"Being alive and being a woman is all I got, but being colored is a metaphysical dilemma I haven't conquered yet."
Writer/director Tyler Perry is probably used to taking heat from the critics for his films, but he can rest knowing that his latest movie For Colored Girls, the film adaptation of the 1975 critically-acclaimed play "For Colored Girls Who Have Considered Suicide When the Rainbow Is Enuf" by Ntozake Shange, is his best film yet. Even though that might not be attributed to his direction or writing.
Chronicling the lives of nine black women who must struggle to overcome extraordinary circumstances, For Colored Girls is fueled by the amazing performances from a stellar cast, with heart wrenching performances especially from Kimberly Elise and Anika Noni Rose (who are hopefully not forgotten come award season). They and Physicia Rashad, Loretta Devine, Janet Jackson, Thandie Newton, Whoopi Goldberg, Kerry Washington and Tessa Thompson share the moving stories of women whom life--and love--has beaten down for a reason they don't understand, but will soon learn will only make them stronger and more capable in the end.
Take for instance Crystal (Elise), who wants to believe that the love she has for a man runs far beyond he shell he has become. Jo (Jackson), who is so in love with perfection that she nearly shatters when she finds out perfection doesn't love her back. Juanita (Devine), who can't stop running back to a man who spends most his time running away. Yasmine (Rose), whose shining light was nearly turned off for good after an eye-opening incident threatened to ruin her. Kelly (Washington), who day after day yearns for something she's forced to watch others just throw away. Tangie (Newton), who doesn't love herself enough to love another. Her sister Nyla (Thompson), who has the world ahead of her though it's just shy of her reach. Their mother Alice (Goldberg), who uses the power of repenting on her own children to cover her own sins. And Gilda (Rashad), who's made and overcome her own share of mistakes must decide whether to watch or help those who continue to make theirs. Together they each make up the colors of dimly lit rainbow. Their stories aren't just for women of color, but they're for any woman who's ever had to face adversities and find it in their hearts to push forward.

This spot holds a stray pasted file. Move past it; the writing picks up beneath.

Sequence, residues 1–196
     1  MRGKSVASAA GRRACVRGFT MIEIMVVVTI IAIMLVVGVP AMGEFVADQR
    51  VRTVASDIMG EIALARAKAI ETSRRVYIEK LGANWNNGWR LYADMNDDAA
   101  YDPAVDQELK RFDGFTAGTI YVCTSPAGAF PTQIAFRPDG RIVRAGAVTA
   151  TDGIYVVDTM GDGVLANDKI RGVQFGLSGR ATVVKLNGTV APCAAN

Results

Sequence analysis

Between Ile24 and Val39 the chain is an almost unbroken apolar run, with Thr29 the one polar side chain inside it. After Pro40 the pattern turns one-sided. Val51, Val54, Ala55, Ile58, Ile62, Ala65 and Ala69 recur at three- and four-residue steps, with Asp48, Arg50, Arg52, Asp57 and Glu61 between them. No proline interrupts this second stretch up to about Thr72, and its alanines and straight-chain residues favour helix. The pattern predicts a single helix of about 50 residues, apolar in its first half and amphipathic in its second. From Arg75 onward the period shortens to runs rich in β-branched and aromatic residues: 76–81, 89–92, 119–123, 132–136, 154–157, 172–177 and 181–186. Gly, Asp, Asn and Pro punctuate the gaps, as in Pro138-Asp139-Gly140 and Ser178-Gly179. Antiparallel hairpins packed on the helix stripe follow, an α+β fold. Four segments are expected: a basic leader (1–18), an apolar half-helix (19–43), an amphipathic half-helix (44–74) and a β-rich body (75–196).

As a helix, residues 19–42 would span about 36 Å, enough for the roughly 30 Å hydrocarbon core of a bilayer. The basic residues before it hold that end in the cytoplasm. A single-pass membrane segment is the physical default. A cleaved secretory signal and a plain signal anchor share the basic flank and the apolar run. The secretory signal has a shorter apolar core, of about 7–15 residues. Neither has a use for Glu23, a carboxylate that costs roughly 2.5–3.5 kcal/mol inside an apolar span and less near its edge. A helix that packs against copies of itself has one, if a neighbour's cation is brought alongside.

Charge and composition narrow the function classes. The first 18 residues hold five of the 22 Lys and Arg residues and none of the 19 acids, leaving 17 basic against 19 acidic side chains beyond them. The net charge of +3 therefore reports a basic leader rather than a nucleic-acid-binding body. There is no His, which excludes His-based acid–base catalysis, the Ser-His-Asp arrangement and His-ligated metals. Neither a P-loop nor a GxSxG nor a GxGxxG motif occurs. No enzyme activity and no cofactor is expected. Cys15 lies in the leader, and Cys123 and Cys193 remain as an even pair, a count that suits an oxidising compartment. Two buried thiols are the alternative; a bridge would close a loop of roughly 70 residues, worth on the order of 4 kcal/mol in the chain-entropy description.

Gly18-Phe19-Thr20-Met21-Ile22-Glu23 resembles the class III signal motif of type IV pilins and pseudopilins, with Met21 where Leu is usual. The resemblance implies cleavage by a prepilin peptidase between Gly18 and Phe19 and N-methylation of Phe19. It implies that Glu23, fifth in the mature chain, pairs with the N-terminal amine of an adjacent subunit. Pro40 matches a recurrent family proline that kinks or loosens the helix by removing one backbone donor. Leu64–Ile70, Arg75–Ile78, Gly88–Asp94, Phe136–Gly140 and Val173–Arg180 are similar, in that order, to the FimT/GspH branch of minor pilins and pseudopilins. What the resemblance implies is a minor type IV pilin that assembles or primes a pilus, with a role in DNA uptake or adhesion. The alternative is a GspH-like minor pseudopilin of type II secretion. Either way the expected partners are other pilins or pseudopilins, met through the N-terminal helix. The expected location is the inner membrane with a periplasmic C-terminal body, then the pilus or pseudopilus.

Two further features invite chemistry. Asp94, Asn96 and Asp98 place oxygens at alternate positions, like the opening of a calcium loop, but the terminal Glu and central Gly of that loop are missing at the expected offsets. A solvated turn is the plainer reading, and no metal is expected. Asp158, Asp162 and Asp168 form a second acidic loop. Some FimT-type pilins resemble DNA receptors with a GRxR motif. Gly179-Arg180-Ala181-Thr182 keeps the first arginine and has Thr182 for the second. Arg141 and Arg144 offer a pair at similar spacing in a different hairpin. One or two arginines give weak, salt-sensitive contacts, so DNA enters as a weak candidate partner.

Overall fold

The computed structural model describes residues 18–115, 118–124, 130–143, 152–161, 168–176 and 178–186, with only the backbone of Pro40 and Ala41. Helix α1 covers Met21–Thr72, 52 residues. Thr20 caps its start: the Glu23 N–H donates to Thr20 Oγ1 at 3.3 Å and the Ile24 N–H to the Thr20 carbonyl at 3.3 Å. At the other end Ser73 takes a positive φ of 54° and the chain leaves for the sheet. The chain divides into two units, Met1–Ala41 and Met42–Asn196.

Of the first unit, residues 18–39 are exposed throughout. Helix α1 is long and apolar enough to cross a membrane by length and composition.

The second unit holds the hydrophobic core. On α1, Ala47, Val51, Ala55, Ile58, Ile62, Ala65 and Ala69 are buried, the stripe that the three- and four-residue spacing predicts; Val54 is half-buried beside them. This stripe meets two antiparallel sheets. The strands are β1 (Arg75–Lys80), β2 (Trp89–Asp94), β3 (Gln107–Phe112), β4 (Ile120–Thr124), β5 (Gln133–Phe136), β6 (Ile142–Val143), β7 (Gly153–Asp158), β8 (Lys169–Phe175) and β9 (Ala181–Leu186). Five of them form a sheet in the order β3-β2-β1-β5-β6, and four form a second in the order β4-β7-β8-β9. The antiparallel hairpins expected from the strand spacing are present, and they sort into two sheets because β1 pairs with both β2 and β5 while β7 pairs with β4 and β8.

Though the original production was inspired by a collection of twenty poems by Shange, Perry really could have done a better job of leaving out some of the poetic jargon from the play and adapting a more dialogue-friendly script. Consecutive (and overlapping at times) long-winded, flowery monologues tend to leave film audiences idle, which does a a bit of a disservice to a powerful story that anyone who's ever given until it hurt can appreciate.